In this week's Gigabit Roundup, the Tempe, Arizona City Council votes unanimously to give Google permission to bring its gigabit service to town. Plus, the Midwest gets a gigabit jolt with new deployment plans in Kansas, North Dakota and more.
Hoping to be one of Google Fiber Inc. 's next gigabit cities, Tempe is laying the groundwork for the company to bring its broadband services to the southwestern town. The City Council voted unanimously to allow Google to lay fiber in Tempe and would like to sign a deal with the service provider to join its list of gigabit sites. However, the plan to attract Google isn't without its challenges. So far, Google hasn't agreed to anything, and local gigabit provider Cox Communications Inc. may have a legal argument against Tempe offering incentives to a competitor.
In a statement reported by Fox 10 in Phoenix, a Cox spokesperson said: "It's unfortunate that the Tempe City Council is willing to favor a new entrant into the market, and in doing so appears to have violated federal and state law. The waivers granted by the City also give Google Fiber a free pass on obligations that affect public safety; such as emergency alert messaging and protection of subscriber privacy."
Everything may be "up to date in Kansas City," but the City of Pittsburg in Kansas wants to give its neighbor a run for its money. Pittsburg recently approved a franchise and service agreement with local provider Craw-Kan Telephone to begin laying fiber for gigabit broadband service. Construction is expected to begin shortly and take about 90 days. Gigabit service should be available to initial customers in late 2015, with Craw-Kan reaching nearly 1,500 homes and businesses in 2016.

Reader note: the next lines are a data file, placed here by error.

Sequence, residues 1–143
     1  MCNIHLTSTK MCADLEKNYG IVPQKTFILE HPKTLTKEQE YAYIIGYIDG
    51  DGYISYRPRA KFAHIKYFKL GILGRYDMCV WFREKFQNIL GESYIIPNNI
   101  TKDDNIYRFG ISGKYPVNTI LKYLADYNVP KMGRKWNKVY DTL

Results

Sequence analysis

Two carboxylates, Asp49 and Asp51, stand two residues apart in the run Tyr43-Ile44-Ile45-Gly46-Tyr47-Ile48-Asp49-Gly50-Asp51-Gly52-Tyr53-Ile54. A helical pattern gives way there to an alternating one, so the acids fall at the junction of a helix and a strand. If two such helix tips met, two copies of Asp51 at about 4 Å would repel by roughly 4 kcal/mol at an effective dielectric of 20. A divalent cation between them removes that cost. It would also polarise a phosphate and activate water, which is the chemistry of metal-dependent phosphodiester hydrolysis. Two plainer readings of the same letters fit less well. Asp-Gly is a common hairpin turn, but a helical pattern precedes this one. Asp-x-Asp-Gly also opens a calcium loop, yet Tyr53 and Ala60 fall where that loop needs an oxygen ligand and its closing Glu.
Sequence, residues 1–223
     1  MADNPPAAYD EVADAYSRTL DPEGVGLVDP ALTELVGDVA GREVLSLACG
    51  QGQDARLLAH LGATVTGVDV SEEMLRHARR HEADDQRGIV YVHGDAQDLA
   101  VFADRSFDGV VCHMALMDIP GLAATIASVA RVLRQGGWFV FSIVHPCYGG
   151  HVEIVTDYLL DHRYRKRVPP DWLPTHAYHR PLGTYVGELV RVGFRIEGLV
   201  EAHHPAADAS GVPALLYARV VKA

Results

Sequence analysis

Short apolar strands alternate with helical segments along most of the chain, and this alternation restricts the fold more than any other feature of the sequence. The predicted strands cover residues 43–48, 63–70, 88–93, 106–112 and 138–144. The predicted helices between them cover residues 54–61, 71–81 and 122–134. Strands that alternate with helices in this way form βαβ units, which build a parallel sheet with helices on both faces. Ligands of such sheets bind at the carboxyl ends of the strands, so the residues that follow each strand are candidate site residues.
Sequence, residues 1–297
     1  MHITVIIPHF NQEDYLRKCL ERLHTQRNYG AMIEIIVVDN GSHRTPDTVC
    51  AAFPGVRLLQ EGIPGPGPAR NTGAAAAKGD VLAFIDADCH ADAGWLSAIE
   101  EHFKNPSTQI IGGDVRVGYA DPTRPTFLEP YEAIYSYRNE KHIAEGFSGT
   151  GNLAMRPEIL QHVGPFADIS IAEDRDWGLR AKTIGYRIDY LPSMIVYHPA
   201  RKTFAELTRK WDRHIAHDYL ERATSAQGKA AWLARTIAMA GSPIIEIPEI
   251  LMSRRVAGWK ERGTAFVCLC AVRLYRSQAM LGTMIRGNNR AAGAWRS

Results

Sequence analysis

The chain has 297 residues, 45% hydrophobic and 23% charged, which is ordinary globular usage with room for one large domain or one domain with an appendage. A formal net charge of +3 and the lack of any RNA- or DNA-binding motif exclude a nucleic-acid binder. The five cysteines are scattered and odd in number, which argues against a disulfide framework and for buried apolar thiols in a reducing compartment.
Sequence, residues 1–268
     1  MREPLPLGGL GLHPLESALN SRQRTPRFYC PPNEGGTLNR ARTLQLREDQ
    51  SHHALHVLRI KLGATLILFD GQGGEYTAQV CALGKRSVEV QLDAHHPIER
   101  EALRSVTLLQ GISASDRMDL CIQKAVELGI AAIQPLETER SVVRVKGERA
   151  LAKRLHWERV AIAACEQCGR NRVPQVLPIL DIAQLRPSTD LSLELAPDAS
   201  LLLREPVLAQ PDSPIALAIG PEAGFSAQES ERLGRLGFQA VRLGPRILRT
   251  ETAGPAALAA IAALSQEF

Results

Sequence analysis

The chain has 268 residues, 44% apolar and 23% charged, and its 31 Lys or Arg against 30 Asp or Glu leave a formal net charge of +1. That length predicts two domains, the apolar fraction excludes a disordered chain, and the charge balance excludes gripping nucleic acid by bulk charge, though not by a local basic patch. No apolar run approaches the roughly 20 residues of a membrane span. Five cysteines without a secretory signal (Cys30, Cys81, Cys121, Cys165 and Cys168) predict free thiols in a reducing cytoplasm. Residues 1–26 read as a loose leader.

Having already announced its gigabit-capable network in Montana in April, Nemont Telephone Cooperative went on to launch gigabit service in Williston, North Dakota this week. According to Nemont, anyone served by its fiber network in the area can sign up for gigabit service. The company has deployed fiber in the area since 2007, covering 14,000 square miles of territory.
In case you missed it, both Videotron Ltd. , based in Montreal, Canada, and EPB Fiber Optics in Chattanooga, Tennessee had big gigabit news this week. Videotron announced it will roll out gigabit service in the greater Montreal region, and that it plans to upgrade its HFC network to DOCSIS 3.1 to support higher speeds in 2016. EPB meanwhile said it will be capable of delivering speeds of up to 10 Gbits/s within a year. The municipal utility company already powers one of the most successful gigabit services in the country and says it has started testing Next-Generation PON (NG-PON) for further speed upgrades. (See Videotron Catches Gigabit Fever and EPB: 10Gbit/s Service Feasible Within a Year.)
— Mari Silbey, Senior Editor, Cable/Video, Light Reading